Press Release – Creative New Zealand
CREATIVE NEW ZEALAND MEDIA RELEASE
Award-winning Māori artists head to Canada’s The Banff Centre for cultural exchange
Award-winning dancer/choreographer Shakaiah Perez and writer/spoken word poetry champion Te Kahu Rolleston have been selected to attend acclaimed indigenous arts residencies at one of the world’s leading arts and creativity hubs.
In a joint initiative with Creative New Zealand, Canada’s The Banff Centre – renowned for commissioning, supporting and producing new creative works – provides an opportunity for a Māori artist in each of its annual indigenous dance and writing residency programmes.
“Our special partnership with The Banff Centre supports talented Māori artists like Te Kahu and Shakaiah to develop their arts practice in a unique creative environment,” says Creative New Zealand Manager Jude Chambers.
Creative New Zealand’s support for Māori artists to take part in these residencies includes support towards flights, accommodation, programme/tuition fees and meals.
Shakaiah Perez – Indigenous Dance Residency
Ngāti Porou, Te-Āti-Haunui-ā-Paparangi, Ngāti Raukawa, Ngāti Tuwharetoa, Ngāti Rangi
Māori dancer and choreographer Shakaiah Perez will shortly leave for Canada to participate in The Banff Centre’s Indigenous Dance Residency, along with other indigenous dancers from various nations and backgrounds.
The four-week residency over August is an intensive programme that involves daily technique classes and choreographic exploration with acclaimed indigenous choreographers and instructors, as well as creating a new choreographic work that will be performed as part of the Banff Summer Arts Festival. These collaborative performances can be an important creative and professional development opportunity for our emerging artists.
At nineteen, Auckland-based Shakaiah is already making her mark with international hip hop titles and vast film and television experience.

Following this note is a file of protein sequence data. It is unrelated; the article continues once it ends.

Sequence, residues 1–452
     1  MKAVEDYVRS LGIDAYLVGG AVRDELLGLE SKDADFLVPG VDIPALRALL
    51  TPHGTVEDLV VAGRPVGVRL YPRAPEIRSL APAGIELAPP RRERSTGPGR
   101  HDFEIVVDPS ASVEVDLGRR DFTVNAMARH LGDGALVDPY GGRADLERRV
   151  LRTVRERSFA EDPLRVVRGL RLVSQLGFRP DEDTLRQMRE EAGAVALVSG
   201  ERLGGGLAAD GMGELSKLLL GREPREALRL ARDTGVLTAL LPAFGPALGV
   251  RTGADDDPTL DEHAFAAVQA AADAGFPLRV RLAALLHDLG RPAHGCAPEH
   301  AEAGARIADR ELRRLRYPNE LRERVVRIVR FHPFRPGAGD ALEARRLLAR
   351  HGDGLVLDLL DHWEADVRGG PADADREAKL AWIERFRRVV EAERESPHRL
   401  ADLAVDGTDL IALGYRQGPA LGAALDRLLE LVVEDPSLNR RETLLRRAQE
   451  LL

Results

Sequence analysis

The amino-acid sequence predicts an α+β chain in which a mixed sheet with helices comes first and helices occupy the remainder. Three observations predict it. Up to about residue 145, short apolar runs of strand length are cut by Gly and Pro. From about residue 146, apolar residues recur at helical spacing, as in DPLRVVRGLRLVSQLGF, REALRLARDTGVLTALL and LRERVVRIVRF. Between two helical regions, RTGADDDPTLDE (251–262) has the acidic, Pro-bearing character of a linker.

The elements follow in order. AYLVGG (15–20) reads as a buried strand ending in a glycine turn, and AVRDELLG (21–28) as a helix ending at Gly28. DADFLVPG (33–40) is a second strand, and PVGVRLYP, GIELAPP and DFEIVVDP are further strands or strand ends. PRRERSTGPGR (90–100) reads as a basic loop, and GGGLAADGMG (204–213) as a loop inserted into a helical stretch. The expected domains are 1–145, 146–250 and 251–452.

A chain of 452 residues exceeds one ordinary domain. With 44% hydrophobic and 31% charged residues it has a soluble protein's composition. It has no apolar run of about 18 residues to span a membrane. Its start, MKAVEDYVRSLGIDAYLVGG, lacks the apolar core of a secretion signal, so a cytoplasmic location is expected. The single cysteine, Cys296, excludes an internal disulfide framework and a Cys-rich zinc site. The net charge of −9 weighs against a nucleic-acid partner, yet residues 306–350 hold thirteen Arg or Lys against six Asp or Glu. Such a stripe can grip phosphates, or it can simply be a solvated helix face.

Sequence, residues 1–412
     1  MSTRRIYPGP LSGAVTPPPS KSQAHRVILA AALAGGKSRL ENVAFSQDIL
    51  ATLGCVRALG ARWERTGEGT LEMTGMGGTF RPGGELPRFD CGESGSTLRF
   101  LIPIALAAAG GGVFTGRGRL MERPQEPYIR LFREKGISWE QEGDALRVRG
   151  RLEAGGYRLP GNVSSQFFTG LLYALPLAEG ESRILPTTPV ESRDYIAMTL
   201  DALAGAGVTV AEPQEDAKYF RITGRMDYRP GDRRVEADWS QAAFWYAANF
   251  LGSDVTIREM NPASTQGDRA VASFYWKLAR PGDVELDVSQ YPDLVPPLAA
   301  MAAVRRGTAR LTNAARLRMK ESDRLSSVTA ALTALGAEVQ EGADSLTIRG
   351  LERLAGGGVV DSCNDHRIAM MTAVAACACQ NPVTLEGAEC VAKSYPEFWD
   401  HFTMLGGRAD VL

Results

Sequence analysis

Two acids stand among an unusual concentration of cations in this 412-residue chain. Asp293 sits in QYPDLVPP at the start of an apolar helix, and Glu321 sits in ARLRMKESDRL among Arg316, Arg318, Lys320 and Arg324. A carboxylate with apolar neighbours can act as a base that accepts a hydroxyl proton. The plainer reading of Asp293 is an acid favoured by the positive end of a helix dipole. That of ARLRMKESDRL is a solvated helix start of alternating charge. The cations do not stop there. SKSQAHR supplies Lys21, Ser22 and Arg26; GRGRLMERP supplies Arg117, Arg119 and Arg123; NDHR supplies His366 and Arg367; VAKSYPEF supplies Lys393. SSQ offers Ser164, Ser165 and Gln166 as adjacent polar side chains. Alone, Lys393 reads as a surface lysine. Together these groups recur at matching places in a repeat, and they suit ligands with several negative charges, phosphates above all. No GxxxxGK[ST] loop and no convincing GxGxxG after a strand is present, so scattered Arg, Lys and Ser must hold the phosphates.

“I am really blessed to be given this amazing opportunity at such a young age and to be able to pursue my passion overseas as a native woman,” says Shakaiah.
“I can’t wait to learn and share what I have to offer with the world and to take my skills to that next level. A huge thank you to Creative New Zealand for providing me with this opportunity of a lifetime to celebrate being indigenous through dance.”
Shakaiah is of Māori, Samoan, Portuguese, African, Spanish, Tahitian and Tokelauan decent. Her multi-ethnic make-up drives her interest in different cultures. She formed dance company Native Stance this year, which focuses on blending modern dance styles with indigenous dance styles. Shakaiah is also studying Anthropology and Spanish at Auckland University, with plans to travel to America to work with Native American tribes.
Shakaiah has represented Aotearoa at a number of overseas festivals and competitions, gaining world hip hop titles as part of the Royal Family crews from Parris Goebel’s Palace Dance Studios and the NoMads Dance Crew of company Fresh Movement. She is set to appear in the upcoming New Zealand hip hop film Born to Dance.
Te Kahu Rolleston – Indigenous Writing Programme
Tauranga-born spoken word poet Te Kahu Rolleston will participate in this year’s The Banff Centre’s Indigenous Writing Programme, allowing him to develop his writing as part of a vibrant community of a distinguished faculty and fellow writers from September to December.
The programme comprises two weeks of intensive writing time at The Banff Centre followed by 10 weeks working online from home or a work space with a mentor (editor). Te Kahu will receive one-on-one editorial feedback from a faculty member and present an excerpt of his work in a reading and spoken word series at The Banff Centre.
Te Kahu has this to say about the opportunity:
“I am the tides of Tauranga and its sea, they are me,
the currents may take me to shores a far,
but I’ll be home with new stories to share,
with anyone willing to lend me an ear.”
Te Kahu studied at Waikato University, gaining a Bachelor of Arts double majoring in Māori and Pacific Development and Māori Media and Communications.
His passion for poetry is deeply rooted in Manu Kōrero, waiata and haka.
A previous winner of Aotearoa’s National Poetry Slam competition, Te Kahu has a gift for spoken word poetry. He has performed at events all over the country and has made numerous appearances on television and radio.
Much of the work Te Kahu does is with youth and communities. He has taught spoken word poetry at universities, schools and also community classes. Te Kahu is involved with the Toimata Foundation as a member of Te Aho Tū Roa – a programme in Te Reo Māori working with kōhanga/puna reo, kura, wharekura and communities that embraces Māori culture, language and wisdom. Part of his work is to create and deliver poetry resources and workshops for youth.